TALK | Labels
Labels don’t only apply to the products we use. Over the last two weeks the SFT journal has offered up some advice on what to stay aware of while choosing your food and skincare. But labels can go beyond a list of ingredients, and many of us, whether we realize it or not, may also see ourselves through a lens of labels.
Similar to the way that companies use labels and claims to sell us on all the things we need from a certain product, our culture has sold us on some labels that we may use to classify ourselves. The beauty industry is a billion dollar market that thrives on the belief that we are flawed: that we have “bad skin” and using these products or following certain tips will give us “good skin.” Or that we need an arsenal of heavy duty anti-aging products so we never look “old.”
At Skin Food Talk, we don’t take labels at face value. With our food and our skincare products, we value digging a little deeper to look beyond claims and get to the root of the matter so we can find nourishing and non-toxic products. We also believe in digging deeper into the beliefs and labels we hold for ourselves, transforming the ones that limit us into nourishing, non-toxic beliefs that serve and support us.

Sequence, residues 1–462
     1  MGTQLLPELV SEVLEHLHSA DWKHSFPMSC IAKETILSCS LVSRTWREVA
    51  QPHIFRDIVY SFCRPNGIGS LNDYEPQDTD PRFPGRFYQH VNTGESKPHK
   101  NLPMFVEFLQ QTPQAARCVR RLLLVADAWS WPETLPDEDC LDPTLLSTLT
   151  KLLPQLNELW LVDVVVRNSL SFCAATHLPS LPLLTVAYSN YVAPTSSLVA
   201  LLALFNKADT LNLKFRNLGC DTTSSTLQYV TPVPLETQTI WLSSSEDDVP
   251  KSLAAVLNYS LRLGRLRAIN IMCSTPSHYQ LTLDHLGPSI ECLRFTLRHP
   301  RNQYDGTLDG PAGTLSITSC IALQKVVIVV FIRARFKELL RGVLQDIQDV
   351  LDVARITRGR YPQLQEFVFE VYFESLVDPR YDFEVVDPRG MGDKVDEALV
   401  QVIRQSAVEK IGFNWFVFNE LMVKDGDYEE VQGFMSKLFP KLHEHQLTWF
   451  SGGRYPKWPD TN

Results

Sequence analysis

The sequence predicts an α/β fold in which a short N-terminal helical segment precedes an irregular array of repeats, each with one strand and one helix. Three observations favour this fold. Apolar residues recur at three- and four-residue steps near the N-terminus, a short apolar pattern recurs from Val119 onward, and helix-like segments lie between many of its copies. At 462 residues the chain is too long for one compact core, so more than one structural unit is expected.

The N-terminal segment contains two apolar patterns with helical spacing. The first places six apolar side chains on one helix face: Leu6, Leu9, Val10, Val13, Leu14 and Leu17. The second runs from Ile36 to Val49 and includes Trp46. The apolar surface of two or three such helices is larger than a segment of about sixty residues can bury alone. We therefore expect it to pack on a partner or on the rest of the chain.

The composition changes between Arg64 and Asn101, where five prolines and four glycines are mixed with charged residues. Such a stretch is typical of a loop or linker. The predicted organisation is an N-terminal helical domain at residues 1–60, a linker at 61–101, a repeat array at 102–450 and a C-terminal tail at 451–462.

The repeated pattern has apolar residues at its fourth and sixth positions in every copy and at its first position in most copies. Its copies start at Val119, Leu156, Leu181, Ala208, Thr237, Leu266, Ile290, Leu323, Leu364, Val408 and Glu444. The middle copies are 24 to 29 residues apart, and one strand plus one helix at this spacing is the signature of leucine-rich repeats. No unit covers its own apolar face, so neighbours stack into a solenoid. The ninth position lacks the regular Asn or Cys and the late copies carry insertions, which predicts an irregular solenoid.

Categorizing and classifying is an important part of the human brain, it keeps us safe and allows us to make sense of the world. But often these classifications and labels are a result of conditioning or societal pressures. What if you could choose some of the classifications you use, instead of relying on your conditioning? What if the classification you chose for yourself was “loved?” Every time you looked in the mirror, you would see that you are “loved”, instead of seeing “bad skin.”
Changing the label lens may not be easy. It can stir up some long-held and deep rooted beliefs we have about ourselves. The labels we put on ourselves like “bad skin” or “ugly” are often linked to our sense of self-worth. The belief that you have “bad skin” could be linked to a belief that you deserve it and that you don’t deserve “good skin,” or could be rooted in a fear of what may happen if your skin improves. Shifting these beliefs and working on releasing old, toxic labels can take some work and practice. Honoring yourself through self-care, meditation and/or journaling, and perhaps working with a therapist or counselor can support you in dropping labels that don’t serve you and adopting beliefs that support you.
When you can honor the value that is inherent in your unique self, it is much easier to accept the blemishes, fine lines, and imperfections that are bound to appear at some time or another (we’re all human after all!). In our signature workshop we teach that when we drop the old labels, we can see those imperfections for what they are: valuable messages from our body about something that may need attention like digestion or hormones. If you can receive those messages with a loving curiosity you may even find that as your belief in those old labels fades away, you’ll begin to see the results you had once hoped for. You may also find that you don’t care as much as you thought you would about having fewer blemishes or a more “youthful” glow, because when you begin to drop those old labels, you begin to understand that you are not defined by your skin. You are more than a simple label. And you are loved.